Justus Quidem Tu Es, Domine, Si Disputem Tecum, Verumtamen Justa Loquar Ad Te
  • Justus quidem tu es, Domine, si disputem tecum; verumtamen
    justa loquar ad te: Quare via impiorum prosperatur?

    Thou art indeed just, Lord, if I contend
    With thee; but, sir, so what I plead is just.
    Why do sinners’ ways prosper? and why must
    Disappointment all I endeavour end?
    Wert thou my enemy, O thou my friend,
    How wouldst thou worse, I wonder, than thou dost
    Defeat, thwart me? Oh, the sots and thralls of lust
    Do in spare hours more thrive than I that spend,
    Sir, life upon thy cause. See, banks and brakes
    Now, leavèd how thick! lacèd they are again
    With fretty chervil, look, and fresh wind shakes
    Them; birds build – but not I build; no, but strain,
    Time’s eunuch, and not breed one work that wakes.
    Mine, O thou lord of life, send my roots rain.

    — Gerard Manley Hopkins

    This powerful poem is a Petrarchan sonnet — or Italian sonnet, if you prefer (the two terms are synonymous) — which means that beyond having fourteen total lines, the poem in the first eight lines (the octet) follows a strict ABBAABBA rhyme-pattern, and then in the second section (the sestet), the final six lines are patterned CDCDCD. In Petrarchan sonnets, sestets can vary in their rhyme scheme, but the pattern Gerard Manley Hopkins chose for this poem is the most traditional.

    Hopkins penned Thou Art Indeed Just (as this poem is most often titled) exactly 131 years ago (March of 1889), only two-and-a-half months before the genius priest-poet died of typhus, at the age of forty-four. It’s often considered Hopkins’s last great poem, and I myself regard it as an unequivocal masterpiece — perhaps the greatest of all his great poems.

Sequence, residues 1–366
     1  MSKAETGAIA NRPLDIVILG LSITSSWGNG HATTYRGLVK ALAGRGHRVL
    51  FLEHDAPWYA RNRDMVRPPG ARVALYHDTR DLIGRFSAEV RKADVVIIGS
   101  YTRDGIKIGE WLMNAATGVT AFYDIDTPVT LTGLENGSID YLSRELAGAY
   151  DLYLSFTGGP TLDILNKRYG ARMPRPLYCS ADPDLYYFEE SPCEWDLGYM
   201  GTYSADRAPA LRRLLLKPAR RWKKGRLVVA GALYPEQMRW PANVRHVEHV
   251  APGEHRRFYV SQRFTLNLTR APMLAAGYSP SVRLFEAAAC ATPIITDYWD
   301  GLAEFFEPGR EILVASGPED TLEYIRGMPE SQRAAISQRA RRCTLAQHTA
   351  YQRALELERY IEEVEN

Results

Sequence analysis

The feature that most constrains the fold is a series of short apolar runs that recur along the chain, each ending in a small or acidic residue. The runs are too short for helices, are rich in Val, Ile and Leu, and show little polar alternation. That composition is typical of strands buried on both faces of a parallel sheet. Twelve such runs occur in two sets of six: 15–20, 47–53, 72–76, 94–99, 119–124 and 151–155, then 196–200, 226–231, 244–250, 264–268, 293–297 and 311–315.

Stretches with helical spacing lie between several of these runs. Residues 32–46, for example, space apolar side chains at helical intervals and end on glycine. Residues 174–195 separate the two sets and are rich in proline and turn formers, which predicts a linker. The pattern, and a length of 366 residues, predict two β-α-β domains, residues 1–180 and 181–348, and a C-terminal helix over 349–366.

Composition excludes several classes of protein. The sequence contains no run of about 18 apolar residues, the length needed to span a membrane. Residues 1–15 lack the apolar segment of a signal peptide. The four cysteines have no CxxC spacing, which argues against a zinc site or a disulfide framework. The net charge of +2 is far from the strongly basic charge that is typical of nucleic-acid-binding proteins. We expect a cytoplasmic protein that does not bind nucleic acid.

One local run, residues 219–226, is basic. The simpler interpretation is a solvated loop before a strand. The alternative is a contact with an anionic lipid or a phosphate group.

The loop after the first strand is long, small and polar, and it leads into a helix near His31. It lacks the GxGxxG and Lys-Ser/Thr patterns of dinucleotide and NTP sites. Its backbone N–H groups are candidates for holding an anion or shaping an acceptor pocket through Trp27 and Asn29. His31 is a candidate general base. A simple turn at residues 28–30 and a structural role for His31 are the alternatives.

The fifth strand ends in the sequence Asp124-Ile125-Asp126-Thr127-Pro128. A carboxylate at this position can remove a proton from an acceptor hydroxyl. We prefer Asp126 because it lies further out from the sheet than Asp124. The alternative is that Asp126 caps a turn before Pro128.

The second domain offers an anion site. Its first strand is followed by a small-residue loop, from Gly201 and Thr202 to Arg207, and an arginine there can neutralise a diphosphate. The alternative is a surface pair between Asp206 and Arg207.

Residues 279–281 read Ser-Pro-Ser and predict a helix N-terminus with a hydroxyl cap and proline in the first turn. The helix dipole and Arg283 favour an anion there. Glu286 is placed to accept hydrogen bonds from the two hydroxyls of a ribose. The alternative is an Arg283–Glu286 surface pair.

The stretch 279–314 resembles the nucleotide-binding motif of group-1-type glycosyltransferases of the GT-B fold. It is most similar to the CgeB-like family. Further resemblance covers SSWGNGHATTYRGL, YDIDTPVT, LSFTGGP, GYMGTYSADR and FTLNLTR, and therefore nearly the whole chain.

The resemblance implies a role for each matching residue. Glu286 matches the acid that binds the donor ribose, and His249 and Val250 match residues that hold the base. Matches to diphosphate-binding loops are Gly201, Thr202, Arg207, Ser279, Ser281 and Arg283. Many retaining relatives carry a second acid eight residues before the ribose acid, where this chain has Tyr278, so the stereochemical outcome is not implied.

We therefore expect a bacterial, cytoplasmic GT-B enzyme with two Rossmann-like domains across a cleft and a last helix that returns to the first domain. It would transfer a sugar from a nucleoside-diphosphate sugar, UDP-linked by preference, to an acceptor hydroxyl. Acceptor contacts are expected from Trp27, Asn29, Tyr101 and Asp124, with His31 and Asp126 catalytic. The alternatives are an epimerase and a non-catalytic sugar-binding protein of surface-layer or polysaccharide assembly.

This sonnet is also the last among a handful of his poems sometimes called — though never by Hopkins himself — the “terrible sonnets.” The terrible sonnets are impassioned sonnets-as-importunings. They explode with anguish, yearning, and tortured frustration, all of which is directed toward God.

    The title and the epigraph in this poem come from Jeremiah 12:1 of the Vulgate. The Vulgate is the Latin translation of the bible by Saint Jerome. Yet the title clearly echoes also Psalms 22, which contains the very words Christ on the cross cried out:

    “My God, my God, why hast thou forsaken me?”

    The opening lines of the poem, as distinguished from the title and epigraph, are Hopkins’s poetic restructuring — restructuring for the rhythm and rhyme — his personal translation of the Latin, which, incidentally, King James translates this way: “Righteous art thou, O Lord, and upright are thy judgments”.

    My elaboration of this may at first appear confusing. But I believe — I hope — this confusion clarifies when a distinction is made between the title-and-epigraph and the body of poem.

    I quote again Hopkins’s opening two lines, which are both Hopkins’s translation of the Latin (from Jeremiah 12:1 ) and also his poetic restructure for rhythm and rhyme:

    Thou art indeed just, Lord, if I contend
    With thee; but, sir, so what I plead is just.

    Hopkins is one of the very few poets I will perfervidly call a true original — he’s at the very top of my list, in fact, the most original of them all. Because of his originality — which I believe came in part from the wild and brilliant strangeness of his musically-minded brain — Hopkins’s syntax as well as his language and diction, his meter and metric, his entire writing-style (and his subject-matter too), are often cryptic and odd, difficult to decode. Once decoded, however, his poems yield up incredible things — things which never cease yielding, no matter how many times you reread them.